After wandering around the temple and looking at the carved wooden statues and paintings, I go up the street in this small village to a large open air water tap. It comes down from the hills nearby and spills out the pipe into the street. There are kids bathing under it , and ladies washing clothes. I wait my turn and put my head under for a few seconds then walk away so others can use it. After shampooing I go back and rinse off. Feels great. The people smile and laugh, everywhere we go in Ladakh it is friendly like this.
Soon we gear up the bikes and head west again to Photu La , our last pass and a famous monastery, Lamayuru. We follow the Indus river west again and stop at another army post to have our papers checked. There is a policeman on a smaller 350cc Bullet who is just leaving, and we follow him. Soon we are climbing an incredible series of hairpin bends called the Hanging Loops up a mountain.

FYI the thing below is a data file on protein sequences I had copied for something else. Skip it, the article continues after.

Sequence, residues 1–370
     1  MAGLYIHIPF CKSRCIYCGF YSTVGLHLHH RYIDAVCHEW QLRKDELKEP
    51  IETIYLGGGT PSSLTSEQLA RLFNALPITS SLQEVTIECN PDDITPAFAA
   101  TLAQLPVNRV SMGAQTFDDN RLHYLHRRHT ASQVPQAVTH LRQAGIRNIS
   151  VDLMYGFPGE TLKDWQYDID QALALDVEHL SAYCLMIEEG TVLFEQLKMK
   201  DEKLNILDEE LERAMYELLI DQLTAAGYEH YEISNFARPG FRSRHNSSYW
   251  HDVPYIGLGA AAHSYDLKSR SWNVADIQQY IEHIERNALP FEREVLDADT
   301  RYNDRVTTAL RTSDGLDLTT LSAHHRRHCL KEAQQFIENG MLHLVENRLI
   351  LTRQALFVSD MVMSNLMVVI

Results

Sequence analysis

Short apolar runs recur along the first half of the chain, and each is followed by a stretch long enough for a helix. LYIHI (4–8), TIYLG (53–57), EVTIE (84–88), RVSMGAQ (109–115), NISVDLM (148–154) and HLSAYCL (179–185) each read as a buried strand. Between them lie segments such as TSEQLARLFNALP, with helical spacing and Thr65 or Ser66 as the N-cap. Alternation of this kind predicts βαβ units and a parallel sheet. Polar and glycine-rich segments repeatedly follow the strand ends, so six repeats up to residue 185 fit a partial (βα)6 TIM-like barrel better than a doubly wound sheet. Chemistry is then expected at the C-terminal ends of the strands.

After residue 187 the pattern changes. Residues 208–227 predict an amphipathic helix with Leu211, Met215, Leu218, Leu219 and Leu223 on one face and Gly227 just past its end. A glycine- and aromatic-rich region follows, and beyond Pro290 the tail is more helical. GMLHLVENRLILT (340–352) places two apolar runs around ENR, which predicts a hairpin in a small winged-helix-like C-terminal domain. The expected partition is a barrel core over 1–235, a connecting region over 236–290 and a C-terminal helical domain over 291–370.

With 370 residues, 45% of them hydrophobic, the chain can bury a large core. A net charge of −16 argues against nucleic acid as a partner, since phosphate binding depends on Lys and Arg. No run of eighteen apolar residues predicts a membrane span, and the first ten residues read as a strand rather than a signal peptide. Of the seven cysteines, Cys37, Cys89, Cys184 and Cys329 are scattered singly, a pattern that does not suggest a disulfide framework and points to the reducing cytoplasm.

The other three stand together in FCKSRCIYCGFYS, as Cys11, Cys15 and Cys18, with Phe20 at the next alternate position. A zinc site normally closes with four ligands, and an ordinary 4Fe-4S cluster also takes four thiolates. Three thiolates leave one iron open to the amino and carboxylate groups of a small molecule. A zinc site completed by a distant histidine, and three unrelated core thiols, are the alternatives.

I think there are about 40 of them. Our bikes are faster and I pass the 350 Bullet early. I have a feeling he is trying to keep up with our bigger bikes but soon lose him in my mirrors. Later, partway up the mountain I stop to take a photo and notice our jeep parked far below me with one of our bikes. The 350 is in the ditch and our guys are helping the policeman. I find out later that he was riding too fast trying to keep up with us but is ok. He decides to turn around and go back.